On the north side of the island, Indigo’s at the Megan’s Bay Resort is slowly being discovered as one of the jewels of the island cuisine. We caught the staff of Craig and Sally’s eating there one evening! The menu is somewhat limited, but they have several specials every meal that are so good you may not even get to the standard fare. A notch below Indigo’s in price and style is The Hideaway at Hull Bay. Take the turn to Drake’s Seat and just keep on going downhill. The less adventurous will be tempted to turn back as the road gets worse and more remote, but the trip is worth it. As you enter, you will pass the kitchen area, and as you leave, you will be amazed that food this good and inexpensive can come from what is basically a skillet over a stove burner. The enchiladas are a wonderful blend of Mexican and West Indies creole food. The seafood is fresh, and while simply prepared, we thought it was some of the best seafood we had in the two weeks on the island. They also have a grill that prepares excellent jerk pork and beef dishes. Sample all the rest, and then plan on returning time and time again to Craig and Sally’s, Indigo’s, and the Hideaway at Hull Bay.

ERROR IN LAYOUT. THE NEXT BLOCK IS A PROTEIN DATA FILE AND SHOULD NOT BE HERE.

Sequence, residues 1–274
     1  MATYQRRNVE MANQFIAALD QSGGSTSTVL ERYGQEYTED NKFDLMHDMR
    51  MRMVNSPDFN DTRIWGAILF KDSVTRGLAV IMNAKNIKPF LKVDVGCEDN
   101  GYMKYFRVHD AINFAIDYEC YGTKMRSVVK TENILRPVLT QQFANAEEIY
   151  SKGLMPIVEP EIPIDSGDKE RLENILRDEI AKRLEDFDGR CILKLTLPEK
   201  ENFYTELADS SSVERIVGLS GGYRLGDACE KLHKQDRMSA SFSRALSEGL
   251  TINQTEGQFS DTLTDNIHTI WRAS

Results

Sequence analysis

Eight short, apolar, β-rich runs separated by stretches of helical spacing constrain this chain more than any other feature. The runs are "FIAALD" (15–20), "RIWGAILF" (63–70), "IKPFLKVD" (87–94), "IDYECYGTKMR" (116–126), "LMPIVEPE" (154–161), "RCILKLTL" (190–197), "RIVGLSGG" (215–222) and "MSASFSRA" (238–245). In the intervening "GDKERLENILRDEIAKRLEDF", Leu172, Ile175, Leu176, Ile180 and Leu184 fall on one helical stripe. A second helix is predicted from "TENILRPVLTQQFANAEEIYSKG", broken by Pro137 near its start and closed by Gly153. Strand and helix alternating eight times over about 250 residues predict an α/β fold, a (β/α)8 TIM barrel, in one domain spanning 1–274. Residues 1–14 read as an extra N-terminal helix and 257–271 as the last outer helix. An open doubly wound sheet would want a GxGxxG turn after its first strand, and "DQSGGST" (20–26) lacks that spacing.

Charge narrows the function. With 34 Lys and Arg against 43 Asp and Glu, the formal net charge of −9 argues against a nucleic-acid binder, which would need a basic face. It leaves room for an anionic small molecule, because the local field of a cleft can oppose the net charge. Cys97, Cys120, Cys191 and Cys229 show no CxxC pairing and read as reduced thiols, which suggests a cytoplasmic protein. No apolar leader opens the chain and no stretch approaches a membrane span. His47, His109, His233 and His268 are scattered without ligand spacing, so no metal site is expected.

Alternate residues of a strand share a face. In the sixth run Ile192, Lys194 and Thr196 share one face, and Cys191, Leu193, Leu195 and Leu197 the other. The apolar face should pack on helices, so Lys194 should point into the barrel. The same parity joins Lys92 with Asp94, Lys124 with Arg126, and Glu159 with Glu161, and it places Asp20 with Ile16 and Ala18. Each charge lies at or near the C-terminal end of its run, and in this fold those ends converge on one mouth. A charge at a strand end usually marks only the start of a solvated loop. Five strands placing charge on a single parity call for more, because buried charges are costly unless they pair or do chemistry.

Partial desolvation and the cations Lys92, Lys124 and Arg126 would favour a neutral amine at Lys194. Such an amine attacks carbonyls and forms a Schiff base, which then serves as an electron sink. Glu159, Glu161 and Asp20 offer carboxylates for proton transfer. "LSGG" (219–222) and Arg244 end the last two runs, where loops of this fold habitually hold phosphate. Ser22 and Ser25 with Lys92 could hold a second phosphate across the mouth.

Written by Bruce on 13 Apr, 2001
The oldest Building in The Royal Dane Mall was built around 1831 and was used as a trading area You enter the mall from the streets into narrow alleyways, which at first suggest you are entering and area that ought to be avoided.…Read More
The oldest Building in The Royal Dane Mall was built around 1831 and was used as a trading area You enter the mall from the streets into narrow alleyways, which at first suggest you are entering and area that ought to be avoided. Soon, however you discover an area peaceful and serene, and costly! This is where you will find the Antique dealers and art galleries, the higher end dealers and galleries that is. Even though we didn't buy anything here it is well worth investigating just for the atmosphere of this place.
Included a few photos, hope they help someone. Close